datetime — Types de base pour la date et l'heure

Code source : Lib/datetime.py


The datetime module supplies classes for manipulating dates and times.

While date and time arithmetic is supported, the focus of the implementation is on efficient attribute extraction for output formatting and manipulation.

Voir aussi

Module calendar

Fonctions génériques associées au calendrier.

Module time

Accès au données d'horaires et aux conversions associées.

Package dateutil

Third-party library with expanded time zone and parsing support.

Aware and Naive Objects

Date and time objects may be categorized as "aware" or "naive."

With sufficient knowledge of applicable algorithmic and political time adjustments, such as time zone and daylight saving time information, an aware object can locate itself relative to other aware objects. An aware object represents a specific moment in time that is not open to interpretation. 1

A naive object does not contain enough information to unambiguously locate itself relative to other date/time objects. Whether a naive object represents Coordinated Universal Time (UTC), local time, or time in some other timezone is purely up to the program, just like it is up to the program whether a particular number represents metres, miles, or mass. Naive objects are easy to understand and to work with, at the cost of ignoring some aspects of reality.

For applications requiring aware objects, datetime and time objects have an optional time zone information attribute, tzinfo, that can be set to an instance of a subclass of the abstract tzinfo class. These tzinfo objects capture information about the offset from UTC time, the time zone name, and whether daylight saving time is in effect.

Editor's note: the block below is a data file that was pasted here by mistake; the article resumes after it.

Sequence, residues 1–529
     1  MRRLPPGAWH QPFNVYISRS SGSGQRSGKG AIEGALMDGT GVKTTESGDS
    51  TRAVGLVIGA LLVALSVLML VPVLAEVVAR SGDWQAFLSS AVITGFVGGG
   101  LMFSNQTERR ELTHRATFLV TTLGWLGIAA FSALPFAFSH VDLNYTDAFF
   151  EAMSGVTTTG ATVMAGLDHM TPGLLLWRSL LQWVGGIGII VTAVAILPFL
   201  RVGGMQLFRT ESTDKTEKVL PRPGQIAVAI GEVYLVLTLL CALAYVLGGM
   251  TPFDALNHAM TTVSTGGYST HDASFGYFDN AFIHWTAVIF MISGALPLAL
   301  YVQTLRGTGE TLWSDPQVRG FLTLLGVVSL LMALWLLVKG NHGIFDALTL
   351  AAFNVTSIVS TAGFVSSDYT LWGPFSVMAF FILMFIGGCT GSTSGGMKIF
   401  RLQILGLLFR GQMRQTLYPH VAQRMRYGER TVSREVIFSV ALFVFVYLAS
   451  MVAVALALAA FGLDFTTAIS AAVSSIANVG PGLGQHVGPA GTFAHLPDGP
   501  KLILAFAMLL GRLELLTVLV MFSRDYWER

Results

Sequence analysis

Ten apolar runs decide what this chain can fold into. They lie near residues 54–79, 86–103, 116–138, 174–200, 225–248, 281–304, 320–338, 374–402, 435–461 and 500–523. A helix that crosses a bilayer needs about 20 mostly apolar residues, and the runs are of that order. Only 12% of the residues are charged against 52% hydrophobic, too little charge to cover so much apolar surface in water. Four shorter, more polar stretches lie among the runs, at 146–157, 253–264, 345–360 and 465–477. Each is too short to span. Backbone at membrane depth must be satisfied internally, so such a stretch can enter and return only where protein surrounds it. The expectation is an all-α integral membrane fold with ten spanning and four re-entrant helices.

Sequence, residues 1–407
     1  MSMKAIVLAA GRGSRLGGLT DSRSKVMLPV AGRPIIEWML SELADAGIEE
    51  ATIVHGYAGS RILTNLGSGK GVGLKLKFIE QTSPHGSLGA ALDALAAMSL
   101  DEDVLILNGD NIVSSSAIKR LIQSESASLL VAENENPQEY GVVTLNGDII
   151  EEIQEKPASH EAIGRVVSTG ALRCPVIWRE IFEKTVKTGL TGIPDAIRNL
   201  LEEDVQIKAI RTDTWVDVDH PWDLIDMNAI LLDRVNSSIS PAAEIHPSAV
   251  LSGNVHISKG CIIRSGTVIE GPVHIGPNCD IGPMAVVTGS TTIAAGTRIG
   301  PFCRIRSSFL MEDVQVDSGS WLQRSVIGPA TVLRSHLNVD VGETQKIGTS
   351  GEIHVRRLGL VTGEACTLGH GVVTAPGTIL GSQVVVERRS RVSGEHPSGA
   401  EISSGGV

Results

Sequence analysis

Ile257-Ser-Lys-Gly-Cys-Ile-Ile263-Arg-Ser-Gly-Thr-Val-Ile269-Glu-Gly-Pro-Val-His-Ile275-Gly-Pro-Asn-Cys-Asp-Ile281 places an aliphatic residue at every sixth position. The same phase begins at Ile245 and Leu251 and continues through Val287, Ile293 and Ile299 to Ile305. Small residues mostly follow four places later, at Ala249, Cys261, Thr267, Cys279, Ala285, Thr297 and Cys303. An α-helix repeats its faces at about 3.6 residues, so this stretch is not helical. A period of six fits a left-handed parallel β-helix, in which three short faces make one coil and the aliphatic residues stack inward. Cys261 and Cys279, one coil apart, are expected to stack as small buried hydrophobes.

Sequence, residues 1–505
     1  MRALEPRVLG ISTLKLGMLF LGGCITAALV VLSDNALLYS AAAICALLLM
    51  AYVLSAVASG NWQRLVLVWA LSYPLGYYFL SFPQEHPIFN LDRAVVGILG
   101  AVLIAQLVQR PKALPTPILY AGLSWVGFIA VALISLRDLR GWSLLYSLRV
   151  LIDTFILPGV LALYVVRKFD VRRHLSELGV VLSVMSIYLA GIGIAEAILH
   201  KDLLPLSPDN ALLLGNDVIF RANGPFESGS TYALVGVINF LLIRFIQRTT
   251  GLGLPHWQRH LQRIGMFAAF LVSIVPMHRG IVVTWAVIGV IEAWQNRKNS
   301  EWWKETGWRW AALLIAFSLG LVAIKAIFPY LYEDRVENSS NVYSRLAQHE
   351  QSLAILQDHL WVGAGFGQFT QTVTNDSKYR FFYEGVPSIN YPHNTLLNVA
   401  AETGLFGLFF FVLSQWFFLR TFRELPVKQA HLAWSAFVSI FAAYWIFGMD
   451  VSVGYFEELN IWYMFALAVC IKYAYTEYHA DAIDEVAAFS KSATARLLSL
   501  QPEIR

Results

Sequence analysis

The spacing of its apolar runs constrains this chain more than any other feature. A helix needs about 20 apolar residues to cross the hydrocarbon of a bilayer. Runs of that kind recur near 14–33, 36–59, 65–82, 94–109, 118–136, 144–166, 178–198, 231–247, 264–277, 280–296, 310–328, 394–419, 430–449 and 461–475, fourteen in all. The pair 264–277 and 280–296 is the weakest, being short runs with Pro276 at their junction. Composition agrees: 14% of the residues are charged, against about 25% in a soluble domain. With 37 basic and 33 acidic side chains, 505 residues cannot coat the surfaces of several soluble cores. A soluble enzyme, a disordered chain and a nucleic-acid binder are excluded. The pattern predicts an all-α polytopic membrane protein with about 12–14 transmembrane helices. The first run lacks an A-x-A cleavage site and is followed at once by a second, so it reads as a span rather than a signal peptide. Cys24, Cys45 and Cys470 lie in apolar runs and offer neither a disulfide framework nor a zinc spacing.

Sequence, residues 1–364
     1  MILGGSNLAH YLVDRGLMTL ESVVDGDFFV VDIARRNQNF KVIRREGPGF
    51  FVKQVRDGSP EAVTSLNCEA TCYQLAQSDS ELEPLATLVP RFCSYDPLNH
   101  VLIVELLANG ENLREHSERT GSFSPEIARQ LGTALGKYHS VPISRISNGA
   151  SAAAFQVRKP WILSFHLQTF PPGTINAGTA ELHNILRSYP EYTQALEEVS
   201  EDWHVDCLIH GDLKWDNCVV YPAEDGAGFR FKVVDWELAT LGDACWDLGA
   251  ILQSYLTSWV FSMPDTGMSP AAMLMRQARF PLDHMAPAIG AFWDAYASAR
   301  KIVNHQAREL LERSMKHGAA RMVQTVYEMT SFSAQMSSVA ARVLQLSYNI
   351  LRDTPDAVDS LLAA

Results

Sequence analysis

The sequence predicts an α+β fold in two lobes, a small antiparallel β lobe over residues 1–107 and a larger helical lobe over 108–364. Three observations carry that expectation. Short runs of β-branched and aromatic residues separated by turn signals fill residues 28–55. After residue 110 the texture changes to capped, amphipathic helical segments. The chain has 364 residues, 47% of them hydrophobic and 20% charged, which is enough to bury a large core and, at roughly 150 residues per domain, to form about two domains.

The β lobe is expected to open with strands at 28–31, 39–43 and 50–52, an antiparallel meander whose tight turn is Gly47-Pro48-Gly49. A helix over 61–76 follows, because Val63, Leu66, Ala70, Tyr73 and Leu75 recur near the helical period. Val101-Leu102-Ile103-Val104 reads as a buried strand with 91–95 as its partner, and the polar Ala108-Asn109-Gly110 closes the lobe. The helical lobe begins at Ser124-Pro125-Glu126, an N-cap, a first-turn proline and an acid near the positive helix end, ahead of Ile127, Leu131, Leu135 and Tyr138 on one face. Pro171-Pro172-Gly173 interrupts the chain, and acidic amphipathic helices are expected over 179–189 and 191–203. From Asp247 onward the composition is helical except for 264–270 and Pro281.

Only one concrete tzinfo class, the timezone class, is supplied by the datetime module. The timezone class can represent simple timezones with fixed offsets from UTC, such as UTC itself or North American EST and EDT timezones. Supporting timezones at deeper levels of detail is up to the application. The rules for time adjustment across the world are more political than rational, change frequently, and there is no standard suitable for every application aside from UTC.

Constantes

Le module datetime exporte les constantes suivantes :

datetime.MINYEAR

Le numéro d'année le plus petit autorisé dans un objet date ou datetime. MINYEAR vaut 1.

datetime.MAXYEAR

Le numéro d'année le plus grand autorisé dans un objet date ou datetime. MAXYEAR vaut 9999.

Types disponibles

class datetime.date

Une date naïve idéalisée, en supposant que le calendrier Grégorien actuel a toujours existé et qu'il existera toujours. Attributs : year, month et day.

class datetime.time

An idealized time, independent of any particular day, assuming that every day has exactly 24*60*60 seconds. (There is no notion of "leap seconds" here.) Attributes: hour, minute, second, microsecond, and tzinfo.

class datetime.datetime

Une combinaison d'une date et d'une heure. Attributs : year, month, day, hour, minute, second, microsecond, et tzinfo.

class datetime.timedelta

Une durée qui exprime la différence entre deux instances de date, time ou datetime en microsecondes.

class datetime.tzinfo

An abstract base class for time zone information objects. These are used by the datetime and time classes to provide a customizable notion of time adjustment (for example, to account for time zone and/or daylight saving time).

class datetime.timezone

Une classe qui implémente la classe de base abstraite tzinfo en tant qu'offset fixe par rapport au temps UTC.

Nouveau dans la version 3.2.

Les objets issus de ces types sont immuables.

Relations entre les sous-classes :

object
    timedelta
    tzinfo
        timezone
    time
    date
        datetime

Common Properties

The date, datetime, time, and timezone types share these common features:

  • Les objets issus de ces types sont immuables.

  • Objects of these types are hashable, meaning that they can be used as dictionary keys.

  • Objects of these types support efficient pickling via the pickle module.

Determining if an Object is Aware or Naive

Les objets de type date sont toujours naïfs.

An object of type time or datetime may be aware or naive.